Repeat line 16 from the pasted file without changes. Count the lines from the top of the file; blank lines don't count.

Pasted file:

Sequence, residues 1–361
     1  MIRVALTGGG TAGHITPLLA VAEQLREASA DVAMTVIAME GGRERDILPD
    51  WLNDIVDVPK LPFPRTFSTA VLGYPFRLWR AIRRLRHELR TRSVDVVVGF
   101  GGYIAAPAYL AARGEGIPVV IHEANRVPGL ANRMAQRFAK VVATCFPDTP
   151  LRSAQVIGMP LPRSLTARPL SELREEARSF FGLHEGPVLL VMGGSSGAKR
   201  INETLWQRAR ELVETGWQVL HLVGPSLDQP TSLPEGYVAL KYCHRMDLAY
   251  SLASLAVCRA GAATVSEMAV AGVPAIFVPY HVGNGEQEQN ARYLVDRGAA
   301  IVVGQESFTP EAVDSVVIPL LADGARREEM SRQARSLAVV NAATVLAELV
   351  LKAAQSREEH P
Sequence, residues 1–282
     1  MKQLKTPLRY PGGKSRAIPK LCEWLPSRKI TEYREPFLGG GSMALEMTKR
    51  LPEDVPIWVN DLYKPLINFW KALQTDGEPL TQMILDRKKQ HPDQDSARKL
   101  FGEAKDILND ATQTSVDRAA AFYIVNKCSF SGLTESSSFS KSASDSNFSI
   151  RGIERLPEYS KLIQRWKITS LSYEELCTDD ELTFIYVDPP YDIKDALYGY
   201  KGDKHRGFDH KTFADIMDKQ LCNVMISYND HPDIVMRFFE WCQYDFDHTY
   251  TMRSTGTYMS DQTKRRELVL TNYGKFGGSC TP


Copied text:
   251  TMRSTGTYMS DQTKRRELVL TNYGKFGGSC TP